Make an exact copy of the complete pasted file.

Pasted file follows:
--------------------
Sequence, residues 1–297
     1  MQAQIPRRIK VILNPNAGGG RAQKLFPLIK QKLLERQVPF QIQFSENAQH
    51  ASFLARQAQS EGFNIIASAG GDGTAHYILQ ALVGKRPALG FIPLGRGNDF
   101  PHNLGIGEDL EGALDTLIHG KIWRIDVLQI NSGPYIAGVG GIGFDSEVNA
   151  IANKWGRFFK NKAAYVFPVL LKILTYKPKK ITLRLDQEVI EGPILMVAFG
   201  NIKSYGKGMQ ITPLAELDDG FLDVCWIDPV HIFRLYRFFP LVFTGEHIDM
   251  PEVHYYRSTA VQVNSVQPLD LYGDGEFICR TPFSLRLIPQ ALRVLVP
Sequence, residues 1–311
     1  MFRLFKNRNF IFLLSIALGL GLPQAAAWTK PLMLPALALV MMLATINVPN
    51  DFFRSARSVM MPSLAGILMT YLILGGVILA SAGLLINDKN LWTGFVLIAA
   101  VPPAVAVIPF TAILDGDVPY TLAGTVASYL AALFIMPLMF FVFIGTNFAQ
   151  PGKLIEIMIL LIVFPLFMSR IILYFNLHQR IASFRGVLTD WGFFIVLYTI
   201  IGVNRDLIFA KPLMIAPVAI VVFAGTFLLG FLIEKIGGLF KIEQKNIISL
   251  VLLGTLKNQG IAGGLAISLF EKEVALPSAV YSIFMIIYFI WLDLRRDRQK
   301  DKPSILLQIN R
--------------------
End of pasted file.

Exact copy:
Sequence, residues 1–297
     1  MQAQIPRRIK VILNPNAGGG RAQKLFPLIK QKLLERQVPF QIQFSENAQH
    51  ASFLARQAQS EGFNIIASAG GDGTAHYILQ ALVGKRPALG FIPLGRGNDF
   101  PHNLGIGEDL EGALDTLIHG KIWRIDVLQI NSGPYIAGVG GIGFDSEVNA
   151  IANKWGRFFK NKAAYVFPVL LKILTYKPKK ITLRLDQEVI EGPILMVAFG
   201  NIKSYGKGMQ ITPLAELDDG FLDVCWIDPV HIFRLYRFFP LVFTGEHIDM
   251  PEVHYYRSTA VQVNSVQPLD LYGDGEFICR TPFSLRLIPQ ALRVLVP
Sequence, residues 1–311
     1  MFRLFKNRNF IFLLSIALGL GLPQAAAWTK PLMLPALALV MMLATINVPN
    51  DFFRSARSVM MPSLAGILMT YLILGGVILA SAGLLINDKN LWTGFVLIAA
   101  VPPAVAVIPF TAILDGDVPY TLAGTVASYL AALFIMPLMF FVFIGTNFAQ
   151  PGKLIEIMIL LIVFPLFMSR IILYFNLHQR IASFRGVLTD WGFFIVLYTI
   201  IGVNRDLIFA KPLMIAPVAI VVFAGTFLLG FLIEKIGGLF KIEQKNIISL
   251  VLLGTLKNQG IAGGLAISLF EKEVALPSAV YSIFMIIYFI WLDLRRDRQK
   301  DKPSILLQIN R